Dinosaur ROAR!

Dinosaurs roamed the storytime room this week!  “Dinosaurs, Dinosaurs” by Byron Barton shows all kinds of dinosaur; big and small dinosaurs, dinosaurs with horns on their heads, spikes down their backs, or dinosaurs with very long necks and tails. “In colors straight out of a crayon box he [Barton] provides children with a genuine “first” dinosaur book.”* A lot of toddlers love dinosaurs and, truthfully, are waaay more knowledgeable about how to pronounce dinosaur names than me. Thankfully this book has the pronunciation of the dinosaur’s names on the book flap!

“Edwina, the dinosaur who didn’t know she was extinct” by Mo Willems is a dino tale in present time. Everyone in town loves the dinosaur Edwina, everyone except Reginald Von Hobbie Dobbie. Reginald knows dinosaurs are extinct and wants everybody, including Edwina, to know.  Will Reginald win? Will Edwina bake chocolate chip cookies?? Is the pigeon hiding somewhere in this book?! Read and find out!

We sang a story of 5 Funny Dinosaurs that goes a little something like this:

5 Funny Dinosaurs (to the tune of 5 green speckled frogs)

Five funny dinosaurs

Let out a great big roar

And ate up some most delicious leaves,

Yum, yum

One jumped into a pool

Where it was nice and cool

Then there were four funny dinosaurs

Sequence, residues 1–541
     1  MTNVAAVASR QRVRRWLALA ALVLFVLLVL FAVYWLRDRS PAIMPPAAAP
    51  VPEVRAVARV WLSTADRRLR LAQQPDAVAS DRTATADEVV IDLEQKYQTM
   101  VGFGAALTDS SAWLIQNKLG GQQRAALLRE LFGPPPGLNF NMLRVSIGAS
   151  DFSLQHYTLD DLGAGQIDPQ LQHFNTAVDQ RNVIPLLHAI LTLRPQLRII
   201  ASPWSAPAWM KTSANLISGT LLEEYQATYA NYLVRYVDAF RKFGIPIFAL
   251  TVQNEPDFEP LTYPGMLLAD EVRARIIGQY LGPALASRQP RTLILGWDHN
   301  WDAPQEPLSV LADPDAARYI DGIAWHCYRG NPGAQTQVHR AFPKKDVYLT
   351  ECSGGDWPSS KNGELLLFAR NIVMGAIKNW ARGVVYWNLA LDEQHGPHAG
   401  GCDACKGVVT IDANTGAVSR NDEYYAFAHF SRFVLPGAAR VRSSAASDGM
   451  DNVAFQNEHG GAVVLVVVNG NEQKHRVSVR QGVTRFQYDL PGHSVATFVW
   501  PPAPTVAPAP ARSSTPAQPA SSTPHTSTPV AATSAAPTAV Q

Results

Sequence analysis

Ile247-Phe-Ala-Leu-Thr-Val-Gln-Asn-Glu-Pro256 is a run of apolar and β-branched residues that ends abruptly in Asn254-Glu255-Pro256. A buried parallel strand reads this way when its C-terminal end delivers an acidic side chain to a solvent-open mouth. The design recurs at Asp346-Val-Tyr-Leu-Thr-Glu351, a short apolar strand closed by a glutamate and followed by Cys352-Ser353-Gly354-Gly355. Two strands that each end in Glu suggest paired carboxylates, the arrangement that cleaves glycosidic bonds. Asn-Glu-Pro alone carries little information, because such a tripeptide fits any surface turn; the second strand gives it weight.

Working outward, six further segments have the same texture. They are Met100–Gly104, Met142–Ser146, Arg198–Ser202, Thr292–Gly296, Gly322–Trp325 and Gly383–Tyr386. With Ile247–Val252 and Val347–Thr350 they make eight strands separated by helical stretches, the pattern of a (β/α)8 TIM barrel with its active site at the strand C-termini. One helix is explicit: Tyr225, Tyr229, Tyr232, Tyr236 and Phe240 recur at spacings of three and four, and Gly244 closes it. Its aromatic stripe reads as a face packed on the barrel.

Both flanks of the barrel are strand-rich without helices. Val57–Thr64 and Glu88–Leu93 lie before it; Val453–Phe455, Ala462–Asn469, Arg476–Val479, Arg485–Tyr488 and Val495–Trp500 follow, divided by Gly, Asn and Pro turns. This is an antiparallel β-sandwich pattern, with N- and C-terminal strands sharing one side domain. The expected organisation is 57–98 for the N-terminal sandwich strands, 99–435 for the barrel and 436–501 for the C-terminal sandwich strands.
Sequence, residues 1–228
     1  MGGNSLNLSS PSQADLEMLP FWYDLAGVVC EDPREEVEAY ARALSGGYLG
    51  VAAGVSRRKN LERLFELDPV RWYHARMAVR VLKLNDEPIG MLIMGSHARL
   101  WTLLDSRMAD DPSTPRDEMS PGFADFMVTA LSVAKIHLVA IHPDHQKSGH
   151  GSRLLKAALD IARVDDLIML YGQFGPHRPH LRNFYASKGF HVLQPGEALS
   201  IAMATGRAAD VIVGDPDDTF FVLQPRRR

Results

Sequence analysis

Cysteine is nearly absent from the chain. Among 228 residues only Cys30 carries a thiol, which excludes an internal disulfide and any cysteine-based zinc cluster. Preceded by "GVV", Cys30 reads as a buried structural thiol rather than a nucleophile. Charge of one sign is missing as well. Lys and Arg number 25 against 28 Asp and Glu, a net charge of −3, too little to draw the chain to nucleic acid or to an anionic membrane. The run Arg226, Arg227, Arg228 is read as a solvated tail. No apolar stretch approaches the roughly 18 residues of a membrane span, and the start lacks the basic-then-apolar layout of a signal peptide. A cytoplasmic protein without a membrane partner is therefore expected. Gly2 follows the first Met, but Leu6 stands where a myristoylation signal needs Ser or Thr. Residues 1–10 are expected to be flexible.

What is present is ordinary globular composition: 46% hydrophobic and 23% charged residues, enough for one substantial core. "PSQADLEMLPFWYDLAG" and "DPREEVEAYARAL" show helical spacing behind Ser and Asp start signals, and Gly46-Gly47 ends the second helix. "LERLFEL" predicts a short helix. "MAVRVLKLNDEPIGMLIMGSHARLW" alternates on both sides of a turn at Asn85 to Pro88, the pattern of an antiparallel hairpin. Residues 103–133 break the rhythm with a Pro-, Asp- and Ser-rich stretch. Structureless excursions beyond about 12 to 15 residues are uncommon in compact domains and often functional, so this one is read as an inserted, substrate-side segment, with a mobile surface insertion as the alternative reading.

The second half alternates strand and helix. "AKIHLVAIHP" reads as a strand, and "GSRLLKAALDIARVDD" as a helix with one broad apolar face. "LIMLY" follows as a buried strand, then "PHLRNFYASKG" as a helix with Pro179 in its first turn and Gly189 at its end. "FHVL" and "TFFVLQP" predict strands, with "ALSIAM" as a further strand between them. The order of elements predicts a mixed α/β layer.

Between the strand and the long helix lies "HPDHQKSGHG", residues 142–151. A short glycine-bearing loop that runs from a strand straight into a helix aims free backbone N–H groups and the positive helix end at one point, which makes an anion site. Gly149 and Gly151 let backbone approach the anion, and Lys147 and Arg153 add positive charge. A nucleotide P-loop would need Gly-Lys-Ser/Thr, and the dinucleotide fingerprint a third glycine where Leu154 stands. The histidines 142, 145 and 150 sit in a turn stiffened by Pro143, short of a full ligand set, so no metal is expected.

Roar!roar! (continue till there are no dinosaurs)

Did you know there is a dinosaur name for each letter of the alphabet? Kids got to learn and explore dinosaur names from A-Z through this Dinotrain coloring activity http://www.pbs.org/parents/dinosaurtrain/activities/handson/dinosaursatoz.html

Looking for more dino fun? Check out dinosaur games at http://www.kidsdinos.com/dinosaur-games/index.php or visit Edwina at http://pigeonpresents.com/pals-edwina.aspx

*Publishers Weekly Review



“Mine!” “No!” these are the words I dreaded my daughter learning, but knew they would come (and having a two year old, boy did they!). Books are a great teaching tool for kids on sharing. Removed from the equation they can see the actions and reactions of characters as they decide whether to share or not and the outcome.

 In “Martha Doesn’t Share,” by Samantha Berger, Martha discovers a new favorite word-Mine!  When Martha does not want to share with anyone by declaring, “mine!” she learns the consequences of not sharing.

“Banana” by Ed Vere is about two monkeys, one banana and their pursuit of happiness by eating said banana. You can see the light bulb go on in children’s minds as they see the two monkeys share and be happy about it. The illustrations are simple and brightly done and sure to get kids attention. After reading the story kids got to practice sharing by passing a banana to their neighbor.

This month we have been focusing on the alphabet, so naturally we went on a scavenger hunt for letters! After finding them we sang the alphabet with each kid showing off which letter they found.

Empathy is a great tool for teaching kids about sharing. For more toddler sharing tips and information check out-



Look for more picture books about sharing @ http://ow.ly/41mRs